The CEOs of the other eight small hospitals earned, on average, $295,000 in total compensation. At the low end was Millinocket Regional Hospital, which paid CEO Marie Vienneau $233,500, including $3,000 as part of the same retirement plan all employees get. That’s less than half Willett’s overall compensation. Her retirement package was 1.3 percent of his.
For that pay she performs two jobs: CEO and chief nursing officer.
“I don’t know if you know a lot about Millinocket, but it has been through tough economic times over the past 10 years and that has certainly impacted compensation policies. I would say we do the best we can,” Vinneau said. “The unemployment rate here is, I still think, hovering around 15 percent. We’ve gone, I think, two years where none of our employees, including myself, have received compensation increases.”
Among the nine small critical access hospitals, the closest compensation package to Willett’s was $386,000 paid to Erik Steele at Blue Hill Memorial Hospital. However, Steele, chief medical officer of Eastern Maine Healthcare Systems, was serving as temporary CEO on behalf of EMHS, Blue Hill’s parent organization. He performed two jobs that year: interim CEO of Blue Hill and chief medical officer of EMHS.
In 2011, Blue Hill’s new, permanent CEO earned $225,000.
It’s unclear exactly why Redington-Fairview chose to pay its CEO twice as much as other small Maine hospitals. Redington-Fairview’s leaders, including the hospital spokeswoman and Willett, the CEO, refused to return repeated phone calls and messages left over several months. Only two of the hospital’s nine board members from 2010 agreed to talk about the hospital at all.
William Laney, board treasurer in 2009-10, said the board is responsible for setting Willett’s compensation and it considers his pay annually, using data compiled by an outside source to gauge how much the leader of Redington-Fairview should be paid. It is unclear how long Willett has been CEO, but Laney said he has been with the hospital for years.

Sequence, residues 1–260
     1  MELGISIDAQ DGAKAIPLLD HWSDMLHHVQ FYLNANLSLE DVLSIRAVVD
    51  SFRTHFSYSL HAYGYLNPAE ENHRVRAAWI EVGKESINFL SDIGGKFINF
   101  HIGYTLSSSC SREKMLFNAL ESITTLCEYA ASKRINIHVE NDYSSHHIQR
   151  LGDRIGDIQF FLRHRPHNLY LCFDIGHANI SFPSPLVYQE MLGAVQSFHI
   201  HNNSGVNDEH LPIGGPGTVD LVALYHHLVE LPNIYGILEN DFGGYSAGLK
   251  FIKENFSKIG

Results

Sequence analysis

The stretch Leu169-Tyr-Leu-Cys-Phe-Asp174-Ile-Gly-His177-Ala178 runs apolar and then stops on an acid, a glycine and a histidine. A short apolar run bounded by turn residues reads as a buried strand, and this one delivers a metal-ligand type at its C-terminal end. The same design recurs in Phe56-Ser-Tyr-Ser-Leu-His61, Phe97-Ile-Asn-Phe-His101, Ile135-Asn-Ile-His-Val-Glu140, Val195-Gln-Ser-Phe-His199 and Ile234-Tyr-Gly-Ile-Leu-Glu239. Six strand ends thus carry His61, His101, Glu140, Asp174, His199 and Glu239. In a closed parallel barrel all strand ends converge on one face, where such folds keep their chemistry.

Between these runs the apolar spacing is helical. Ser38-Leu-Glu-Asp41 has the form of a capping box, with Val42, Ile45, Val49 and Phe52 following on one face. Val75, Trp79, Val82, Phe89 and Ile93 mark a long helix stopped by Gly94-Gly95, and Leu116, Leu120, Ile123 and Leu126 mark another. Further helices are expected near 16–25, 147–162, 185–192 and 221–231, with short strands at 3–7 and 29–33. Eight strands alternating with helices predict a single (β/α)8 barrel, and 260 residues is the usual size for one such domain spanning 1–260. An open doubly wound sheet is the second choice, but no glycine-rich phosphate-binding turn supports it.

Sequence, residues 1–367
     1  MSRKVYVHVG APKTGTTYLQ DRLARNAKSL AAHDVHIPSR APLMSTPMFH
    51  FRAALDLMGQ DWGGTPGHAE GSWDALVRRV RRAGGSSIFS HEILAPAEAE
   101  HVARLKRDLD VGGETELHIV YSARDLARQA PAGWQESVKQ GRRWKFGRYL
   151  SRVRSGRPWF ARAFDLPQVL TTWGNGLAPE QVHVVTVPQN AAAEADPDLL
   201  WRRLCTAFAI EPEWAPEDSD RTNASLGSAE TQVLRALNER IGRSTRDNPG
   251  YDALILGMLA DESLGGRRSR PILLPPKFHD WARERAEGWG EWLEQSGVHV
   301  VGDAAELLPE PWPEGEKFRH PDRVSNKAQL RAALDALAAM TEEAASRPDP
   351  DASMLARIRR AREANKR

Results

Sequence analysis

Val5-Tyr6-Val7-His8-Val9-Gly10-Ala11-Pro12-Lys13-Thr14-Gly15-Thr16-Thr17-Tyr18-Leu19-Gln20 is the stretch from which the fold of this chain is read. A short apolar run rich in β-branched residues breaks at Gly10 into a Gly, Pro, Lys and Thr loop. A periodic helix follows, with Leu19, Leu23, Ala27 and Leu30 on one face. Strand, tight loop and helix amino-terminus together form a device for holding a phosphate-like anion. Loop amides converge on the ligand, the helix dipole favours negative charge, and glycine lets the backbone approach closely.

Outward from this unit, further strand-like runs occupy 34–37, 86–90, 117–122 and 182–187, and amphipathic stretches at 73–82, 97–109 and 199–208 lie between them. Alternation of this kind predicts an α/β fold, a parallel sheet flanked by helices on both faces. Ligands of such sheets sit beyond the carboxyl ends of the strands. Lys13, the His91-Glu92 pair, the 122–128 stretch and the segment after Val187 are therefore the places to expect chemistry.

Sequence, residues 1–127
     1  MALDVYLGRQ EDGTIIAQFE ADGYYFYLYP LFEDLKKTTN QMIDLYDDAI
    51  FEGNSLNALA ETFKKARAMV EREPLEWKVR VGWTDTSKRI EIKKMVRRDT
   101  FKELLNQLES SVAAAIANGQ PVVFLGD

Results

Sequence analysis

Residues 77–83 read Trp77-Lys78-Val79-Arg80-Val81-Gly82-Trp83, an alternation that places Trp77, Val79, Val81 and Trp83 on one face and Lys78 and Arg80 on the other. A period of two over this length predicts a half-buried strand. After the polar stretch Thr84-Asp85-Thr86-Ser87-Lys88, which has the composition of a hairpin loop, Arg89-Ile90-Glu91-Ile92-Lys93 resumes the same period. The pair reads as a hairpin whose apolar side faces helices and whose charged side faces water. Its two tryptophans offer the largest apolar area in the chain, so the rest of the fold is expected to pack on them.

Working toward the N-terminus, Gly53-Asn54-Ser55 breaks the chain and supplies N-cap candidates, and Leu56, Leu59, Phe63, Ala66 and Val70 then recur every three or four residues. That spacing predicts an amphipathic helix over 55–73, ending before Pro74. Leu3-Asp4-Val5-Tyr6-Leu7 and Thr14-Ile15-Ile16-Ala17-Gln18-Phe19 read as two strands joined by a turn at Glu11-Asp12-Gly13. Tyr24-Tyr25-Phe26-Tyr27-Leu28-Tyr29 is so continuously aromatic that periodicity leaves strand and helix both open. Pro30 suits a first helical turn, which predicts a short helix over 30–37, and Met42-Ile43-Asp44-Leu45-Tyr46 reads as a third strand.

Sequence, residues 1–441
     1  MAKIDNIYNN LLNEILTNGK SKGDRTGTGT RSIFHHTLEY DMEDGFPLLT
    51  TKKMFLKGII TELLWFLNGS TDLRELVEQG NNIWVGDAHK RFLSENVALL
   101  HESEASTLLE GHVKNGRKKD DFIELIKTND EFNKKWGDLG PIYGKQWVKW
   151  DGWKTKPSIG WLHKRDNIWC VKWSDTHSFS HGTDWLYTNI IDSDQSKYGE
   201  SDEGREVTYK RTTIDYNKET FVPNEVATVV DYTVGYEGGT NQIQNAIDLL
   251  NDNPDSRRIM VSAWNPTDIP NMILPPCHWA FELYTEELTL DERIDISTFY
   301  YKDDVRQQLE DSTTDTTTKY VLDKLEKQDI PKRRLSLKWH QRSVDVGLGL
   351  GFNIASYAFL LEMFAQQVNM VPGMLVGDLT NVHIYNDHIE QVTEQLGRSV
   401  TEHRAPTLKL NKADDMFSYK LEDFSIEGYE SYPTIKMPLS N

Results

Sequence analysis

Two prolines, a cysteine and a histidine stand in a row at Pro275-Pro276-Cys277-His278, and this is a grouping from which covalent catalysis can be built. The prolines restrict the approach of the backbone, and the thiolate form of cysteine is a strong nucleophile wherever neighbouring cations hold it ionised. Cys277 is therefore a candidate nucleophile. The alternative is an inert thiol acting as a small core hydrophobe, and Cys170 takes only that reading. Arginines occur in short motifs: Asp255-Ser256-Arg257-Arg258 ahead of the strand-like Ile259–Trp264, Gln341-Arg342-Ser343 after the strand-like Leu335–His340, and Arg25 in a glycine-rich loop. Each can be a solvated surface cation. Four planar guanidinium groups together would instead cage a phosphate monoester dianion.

“I think we’re looking to be in line with similar institutions with similar budgets. We recognize that it [the CEO] is a difficult job, I think an increasingly difficult job, because of the general health care climate, regulations both state and federal,” Laney said. “I think it is a difficult but a very important job.”
Sixty miles away, Waldo County General Hospital is the same size as Redington-Fairview, made virtually the same amount of money and it spent a similar amount in 2009-10. Its CEO earned $369,500, about $180,000 less than Willett. The year before, Waldo County’s CEO earned just over $357,000, almost half of Willett’s $693,000 compensation at the time.
Laney couldn’t remember how much Willett is paid and, when told how much it is, couldn’t explain why Willett’s compensation package was more than others.
“I don’t know without having my records in front of me whether that’s accurate or not,” he said. “But all I can say is that the decision is made annually, it’s based upon comparisons to similar CEOs in the hospital business with similar-sized budgets.”
Virginia Howard was a board member in 2009-10. She said the board had a philosophy when it came to CEO compensation, but she declined to say what that philosophy was.
“I don’t think I feel free to mention that. I don’t know what they’d be comfortable with me saying or not saying,” she said. “I thought it was a reasonable philosophy for the area.”
But Woodard, a 62-year-old Skowhegan resident and member of the town’s budget committee, disagrees. She has spent months combing through Redington-Fairview’s tax documents and talking with people about the hospital for her own interests. She believes the medical center is spending at the cost of higher taxes and larger patient bills, and the CEO’s large paycheck is an example of it.
“I don’t think anybody’s worth that money,” she said. “Come on, what do they do?”
Laney said that what Willett does is “an exceptional job in moving the hospital forward.”
“I think he’s done an excellent job. I believe the hospital provides good care and serves the community well. In large measure he’s responsible for a lot of that. You know, obviously along with the medical staff and the nursing staff,” Laney said.